At the ICRA National Championships at Howth, clouds cleared to allow a perfect sea breeze to develop with four races completed on all three course areas today (Saturday 9th September 2023).

None of the five divisions contesting their national titles have runaway leaders and much depends on Sunday’s final day and whether weather conditions allow completion of the full programme of races.

“Today worked out as it should have done, it was just slow to come in,” said David Lovegrove, International Race Officer. “I have two forecasts for tomorrow and I would hope to get two races in but if a third is possible then that would complete the series.”

With 27 clubs represented throughout the 70 strong fleet from all coasts of Ireland, there is a wide representation amongst the overnight leaders with just one class held by a Dublin boat.

Amongst the big boats of Class Zero, Brian Jones Jelly Baby (Royal Cork YC) had a consistent day with two races wins and two third places opening the prospect of an overall win to make the trip from Crosshaven all the more worthwhile.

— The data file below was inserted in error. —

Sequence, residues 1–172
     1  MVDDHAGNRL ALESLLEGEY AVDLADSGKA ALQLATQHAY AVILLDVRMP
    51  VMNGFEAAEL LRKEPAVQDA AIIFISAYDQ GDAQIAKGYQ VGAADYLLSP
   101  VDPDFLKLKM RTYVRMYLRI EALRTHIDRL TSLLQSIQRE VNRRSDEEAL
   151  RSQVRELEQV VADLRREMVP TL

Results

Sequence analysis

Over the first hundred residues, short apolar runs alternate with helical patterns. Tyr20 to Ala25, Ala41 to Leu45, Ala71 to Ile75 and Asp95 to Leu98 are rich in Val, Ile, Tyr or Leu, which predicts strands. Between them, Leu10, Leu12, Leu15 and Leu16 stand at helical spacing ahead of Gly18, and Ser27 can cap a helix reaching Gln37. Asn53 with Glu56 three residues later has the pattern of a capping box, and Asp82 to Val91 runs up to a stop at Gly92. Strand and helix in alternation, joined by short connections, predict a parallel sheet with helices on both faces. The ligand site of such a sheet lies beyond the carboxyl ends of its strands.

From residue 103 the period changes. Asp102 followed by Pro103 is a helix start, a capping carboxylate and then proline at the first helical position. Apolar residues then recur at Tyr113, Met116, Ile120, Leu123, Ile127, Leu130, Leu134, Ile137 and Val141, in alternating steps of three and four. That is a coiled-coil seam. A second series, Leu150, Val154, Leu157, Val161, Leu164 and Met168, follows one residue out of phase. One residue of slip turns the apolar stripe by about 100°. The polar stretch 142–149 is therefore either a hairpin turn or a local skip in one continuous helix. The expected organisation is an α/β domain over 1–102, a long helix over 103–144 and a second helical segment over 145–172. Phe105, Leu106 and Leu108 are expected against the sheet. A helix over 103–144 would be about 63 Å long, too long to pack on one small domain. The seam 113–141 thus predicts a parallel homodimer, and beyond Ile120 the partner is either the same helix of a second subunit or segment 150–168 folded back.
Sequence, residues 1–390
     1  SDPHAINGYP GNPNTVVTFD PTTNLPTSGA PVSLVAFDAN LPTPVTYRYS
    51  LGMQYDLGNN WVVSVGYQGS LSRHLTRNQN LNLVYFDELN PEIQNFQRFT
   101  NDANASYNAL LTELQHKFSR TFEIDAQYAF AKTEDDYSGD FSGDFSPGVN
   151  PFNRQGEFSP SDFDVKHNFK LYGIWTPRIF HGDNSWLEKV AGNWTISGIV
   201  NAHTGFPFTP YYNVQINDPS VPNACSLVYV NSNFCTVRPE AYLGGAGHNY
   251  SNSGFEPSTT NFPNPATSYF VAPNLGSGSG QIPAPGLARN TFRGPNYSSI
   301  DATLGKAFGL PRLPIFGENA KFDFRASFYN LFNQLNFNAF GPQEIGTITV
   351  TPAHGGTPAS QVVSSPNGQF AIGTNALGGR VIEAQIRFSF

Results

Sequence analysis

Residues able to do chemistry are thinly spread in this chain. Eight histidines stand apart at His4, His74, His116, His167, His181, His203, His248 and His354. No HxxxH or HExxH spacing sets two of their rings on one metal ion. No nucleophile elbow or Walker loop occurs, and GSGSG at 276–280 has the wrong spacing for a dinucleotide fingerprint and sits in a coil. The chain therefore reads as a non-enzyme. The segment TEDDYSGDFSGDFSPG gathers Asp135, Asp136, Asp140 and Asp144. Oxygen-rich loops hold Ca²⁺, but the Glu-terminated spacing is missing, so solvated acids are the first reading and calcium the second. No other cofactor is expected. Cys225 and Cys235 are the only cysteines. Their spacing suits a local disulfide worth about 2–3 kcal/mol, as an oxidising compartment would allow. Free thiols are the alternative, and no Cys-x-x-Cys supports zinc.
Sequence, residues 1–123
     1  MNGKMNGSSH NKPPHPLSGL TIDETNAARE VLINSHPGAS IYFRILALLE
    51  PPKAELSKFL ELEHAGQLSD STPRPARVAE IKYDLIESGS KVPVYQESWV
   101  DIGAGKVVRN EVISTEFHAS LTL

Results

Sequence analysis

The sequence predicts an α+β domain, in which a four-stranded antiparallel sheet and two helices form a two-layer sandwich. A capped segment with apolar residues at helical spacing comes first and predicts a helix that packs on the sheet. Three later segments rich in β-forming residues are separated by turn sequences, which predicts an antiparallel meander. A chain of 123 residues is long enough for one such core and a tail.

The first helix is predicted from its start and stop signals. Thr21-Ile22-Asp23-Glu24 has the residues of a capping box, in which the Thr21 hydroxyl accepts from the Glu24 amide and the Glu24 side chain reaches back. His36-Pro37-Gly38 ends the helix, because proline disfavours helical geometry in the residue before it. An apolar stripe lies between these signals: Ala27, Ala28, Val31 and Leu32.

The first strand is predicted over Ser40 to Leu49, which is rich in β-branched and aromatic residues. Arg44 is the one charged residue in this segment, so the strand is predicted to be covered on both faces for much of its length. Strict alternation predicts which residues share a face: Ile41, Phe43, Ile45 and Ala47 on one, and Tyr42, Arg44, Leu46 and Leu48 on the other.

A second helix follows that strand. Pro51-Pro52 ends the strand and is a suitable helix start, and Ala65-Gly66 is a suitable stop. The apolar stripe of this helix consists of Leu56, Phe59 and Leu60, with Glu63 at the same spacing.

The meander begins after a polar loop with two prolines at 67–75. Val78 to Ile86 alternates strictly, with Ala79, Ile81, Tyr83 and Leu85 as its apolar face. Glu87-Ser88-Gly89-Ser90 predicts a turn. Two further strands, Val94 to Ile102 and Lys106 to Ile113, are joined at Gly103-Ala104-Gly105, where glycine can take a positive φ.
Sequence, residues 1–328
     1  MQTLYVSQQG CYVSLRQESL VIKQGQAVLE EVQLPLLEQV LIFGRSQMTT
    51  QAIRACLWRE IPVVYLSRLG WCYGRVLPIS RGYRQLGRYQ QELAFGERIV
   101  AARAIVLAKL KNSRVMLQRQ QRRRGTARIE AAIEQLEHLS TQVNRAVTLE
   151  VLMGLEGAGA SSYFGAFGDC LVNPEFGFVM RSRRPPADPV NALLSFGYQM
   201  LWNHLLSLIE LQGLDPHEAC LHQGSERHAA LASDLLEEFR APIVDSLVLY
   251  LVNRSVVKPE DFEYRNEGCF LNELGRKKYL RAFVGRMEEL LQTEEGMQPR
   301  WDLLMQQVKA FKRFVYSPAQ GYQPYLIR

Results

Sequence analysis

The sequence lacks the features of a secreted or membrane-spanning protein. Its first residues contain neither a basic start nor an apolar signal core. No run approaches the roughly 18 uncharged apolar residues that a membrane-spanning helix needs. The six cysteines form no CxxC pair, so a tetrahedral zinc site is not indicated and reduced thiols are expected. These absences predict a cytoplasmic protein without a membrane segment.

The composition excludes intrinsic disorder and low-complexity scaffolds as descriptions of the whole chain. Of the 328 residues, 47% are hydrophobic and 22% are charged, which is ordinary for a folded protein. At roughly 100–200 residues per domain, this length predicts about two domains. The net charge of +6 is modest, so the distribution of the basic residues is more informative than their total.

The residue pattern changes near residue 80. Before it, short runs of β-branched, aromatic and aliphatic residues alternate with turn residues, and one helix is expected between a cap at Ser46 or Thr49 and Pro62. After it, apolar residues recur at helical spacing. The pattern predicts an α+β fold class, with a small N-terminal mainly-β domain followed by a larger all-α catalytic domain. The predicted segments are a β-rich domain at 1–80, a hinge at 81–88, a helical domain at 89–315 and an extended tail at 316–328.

It’s a similar story for clubmate James Dwyer on the classic half-tonner Swuzzlebubble leading Class 2 with Johnny Swan of the host club close behind on Harmony.

Courtown Sailing Club’s Joanne Hall and Martin Mahon on Snoopy are leading Class 3, again with a Howth boat in pursuit as Nico and Caroline Gore-Grimes’ Dux who are in second place in this, the largest IRC class with 13 boats.

Of all four classes competing on the IRC rating system, Howth’s John and Suzie Murphy’s J109 Outrajeous has the strongest lead by six points in Class 1 over John Minnis’ Final Call II from the Royal Ulster YC.

Meanwhile, in the J24 national championship where 20 boats are competing, Bray Sailing Club’s Hard On Port has a narrow lead after some very close racing. The one-design class was the only fleet to get a single race completed on Friday so now has five results with any of six boats all in the hunt for the title.

“We were all delighted to see the breeze arrive – eventually – though we didn’t have to wait too long,” commented David Cullen, Commodore of the Irish Cruiser Racing Association. “The race officers made a very good decision to run four races and we’re looking at a lot of sunburnt and smiley faces ashore so a great success.”

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